17β-estradiol and androgen plasma levels
17β-estradiol and androgen plasma levels fluctuated throughout the reproductive cycle showing medium levels during the recovery period and the winter stasis, then increased during the pre-breeding period, attained the highest values during the early-breeding period, and dropped during the latebreeding period (Fig. 2). 17β-estradiol and androgen plasma levels were also measured two weeks after ovariectomy (experiments 1, 2, 3), and after two-months captivity (experiment 4), and their levels were undetectable.
Females were ovariectomized during the recovery period, when 17β-estradiol and androgen plasma levels were medium (Fig. 2). Ovariectomy brought about a significant decrease in both EBP and TBP. Treatment with 17β-estradiol and testosterone restored the EBP levels, but had no effect on TBP levels. Both captivity and sham operation did not have any effect on EBP and TBP, whose levels were only slightly lower than the control group. Such a decrease was not statistically significant (Fig. 3).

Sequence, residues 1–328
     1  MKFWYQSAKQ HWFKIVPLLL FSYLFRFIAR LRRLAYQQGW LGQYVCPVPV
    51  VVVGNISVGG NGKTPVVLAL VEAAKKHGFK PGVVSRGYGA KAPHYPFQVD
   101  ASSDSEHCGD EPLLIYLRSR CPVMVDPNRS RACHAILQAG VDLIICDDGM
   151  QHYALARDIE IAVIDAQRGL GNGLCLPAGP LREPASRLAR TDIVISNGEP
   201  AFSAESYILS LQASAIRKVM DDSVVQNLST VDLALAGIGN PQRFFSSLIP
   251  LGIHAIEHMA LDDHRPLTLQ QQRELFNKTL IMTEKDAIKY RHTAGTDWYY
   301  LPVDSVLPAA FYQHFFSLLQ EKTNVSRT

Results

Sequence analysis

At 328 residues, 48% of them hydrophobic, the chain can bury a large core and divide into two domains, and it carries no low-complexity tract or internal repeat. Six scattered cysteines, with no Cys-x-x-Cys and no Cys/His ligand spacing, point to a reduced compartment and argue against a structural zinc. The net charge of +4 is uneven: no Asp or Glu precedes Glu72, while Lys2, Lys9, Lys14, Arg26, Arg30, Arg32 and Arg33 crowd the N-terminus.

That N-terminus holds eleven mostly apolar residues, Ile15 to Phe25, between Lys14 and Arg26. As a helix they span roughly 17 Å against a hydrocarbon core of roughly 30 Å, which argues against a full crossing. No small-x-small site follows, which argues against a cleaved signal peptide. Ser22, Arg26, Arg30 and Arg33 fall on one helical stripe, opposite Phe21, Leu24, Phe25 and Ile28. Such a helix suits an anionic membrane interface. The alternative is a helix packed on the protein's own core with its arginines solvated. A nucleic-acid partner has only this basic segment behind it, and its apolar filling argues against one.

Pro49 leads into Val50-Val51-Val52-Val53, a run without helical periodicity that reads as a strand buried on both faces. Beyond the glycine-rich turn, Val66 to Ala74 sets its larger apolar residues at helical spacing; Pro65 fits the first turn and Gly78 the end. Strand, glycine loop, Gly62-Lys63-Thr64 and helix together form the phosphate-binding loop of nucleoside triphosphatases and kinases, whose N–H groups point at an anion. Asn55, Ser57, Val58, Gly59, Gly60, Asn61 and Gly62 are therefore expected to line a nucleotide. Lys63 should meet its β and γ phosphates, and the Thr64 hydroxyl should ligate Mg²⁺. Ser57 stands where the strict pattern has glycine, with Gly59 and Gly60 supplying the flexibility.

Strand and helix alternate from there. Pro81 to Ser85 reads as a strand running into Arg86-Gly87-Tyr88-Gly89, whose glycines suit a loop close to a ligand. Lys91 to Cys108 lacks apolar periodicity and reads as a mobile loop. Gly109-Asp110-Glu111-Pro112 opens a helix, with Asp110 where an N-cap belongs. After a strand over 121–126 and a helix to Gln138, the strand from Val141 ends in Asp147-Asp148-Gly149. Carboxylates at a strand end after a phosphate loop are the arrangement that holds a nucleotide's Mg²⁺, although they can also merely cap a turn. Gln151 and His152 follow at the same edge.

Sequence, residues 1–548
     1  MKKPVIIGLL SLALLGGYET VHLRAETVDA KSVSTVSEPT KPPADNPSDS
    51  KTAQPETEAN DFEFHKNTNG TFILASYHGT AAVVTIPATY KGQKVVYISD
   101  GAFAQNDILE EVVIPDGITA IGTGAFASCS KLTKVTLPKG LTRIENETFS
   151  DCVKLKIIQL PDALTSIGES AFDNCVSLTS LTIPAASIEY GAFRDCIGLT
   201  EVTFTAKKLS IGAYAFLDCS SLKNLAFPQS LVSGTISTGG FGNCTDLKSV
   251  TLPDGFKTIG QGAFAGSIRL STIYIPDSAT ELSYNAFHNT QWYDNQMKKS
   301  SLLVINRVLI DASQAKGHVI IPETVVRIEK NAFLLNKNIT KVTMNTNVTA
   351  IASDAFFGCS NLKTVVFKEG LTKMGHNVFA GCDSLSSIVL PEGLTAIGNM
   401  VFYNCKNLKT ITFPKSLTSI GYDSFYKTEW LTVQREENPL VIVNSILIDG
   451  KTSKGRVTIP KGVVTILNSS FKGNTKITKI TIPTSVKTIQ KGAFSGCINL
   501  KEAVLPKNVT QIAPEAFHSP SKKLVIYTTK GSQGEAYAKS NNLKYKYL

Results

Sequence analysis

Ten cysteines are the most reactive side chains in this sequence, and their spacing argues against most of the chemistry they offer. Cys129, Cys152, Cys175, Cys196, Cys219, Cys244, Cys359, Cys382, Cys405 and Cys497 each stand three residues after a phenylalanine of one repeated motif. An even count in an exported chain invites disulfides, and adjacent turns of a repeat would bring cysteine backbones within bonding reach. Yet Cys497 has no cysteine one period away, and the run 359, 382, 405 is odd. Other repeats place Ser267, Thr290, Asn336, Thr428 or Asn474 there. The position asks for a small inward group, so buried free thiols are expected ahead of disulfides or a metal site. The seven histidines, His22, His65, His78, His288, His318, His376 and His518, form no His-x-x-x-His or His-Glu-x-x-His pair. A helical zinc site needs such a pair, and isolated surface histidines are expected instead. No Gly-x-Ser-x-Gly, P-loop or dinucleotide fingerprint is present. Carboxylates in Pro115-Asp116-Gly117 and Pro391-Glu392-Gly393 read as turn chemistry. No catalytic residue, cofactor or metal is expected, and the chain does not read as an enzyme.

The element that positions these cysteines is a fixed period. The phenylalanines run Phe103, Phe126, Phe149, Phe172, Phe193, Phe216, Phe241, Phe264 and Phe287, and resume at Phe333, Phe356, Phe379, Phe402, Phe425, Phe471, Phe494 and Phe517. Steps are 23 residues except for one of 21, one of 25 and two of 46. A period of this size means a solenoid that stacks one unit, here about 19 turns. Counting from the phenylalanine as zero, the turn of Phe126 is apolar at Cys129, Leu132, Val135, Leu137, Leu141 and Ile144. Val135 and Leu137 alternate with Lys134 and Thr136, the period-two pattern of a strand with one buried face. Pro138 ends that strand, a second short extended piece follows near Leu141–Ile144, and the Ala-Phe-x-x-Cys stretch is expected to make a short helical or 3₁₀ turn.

Females were ovariectomized during the pre-breeding period, when the levels of circulating 17β-estradiol and androgens were medium-high (Fig. 2). Ovariectomy had no significant effect on EBP and TBP levels. Neither 17β-estradiol nor testosterone treatment caused any significant change in EBP and TBP levels. EBP and TBP levels in captivity and sham operated females were similar to the control group (Fig. 4).
Females were ovariectomized at the early-breeding period, when the circulating levels of 17β-estradiol and androgens were high (Fig. 2). Neither ovariectomy, nor steroid treatment had any significant effect on EBP and TBP levels with respect to the control group. In ovariectomized and sham operated females EBP and TBP levels were not statistically different from the control group (Fig. 5).
Since circulating levels of 17β-estradiol and androgens were low in females captured during the late breeding period (Fig. 2), steroid treatment was carried out on intact females. Captivity did not affect neither EBP nor TBP levels. The hormonal treatment increased EBP levels of 3-4 folds with respect to the control group. No effect was registered on TBP levels (Fig. 6).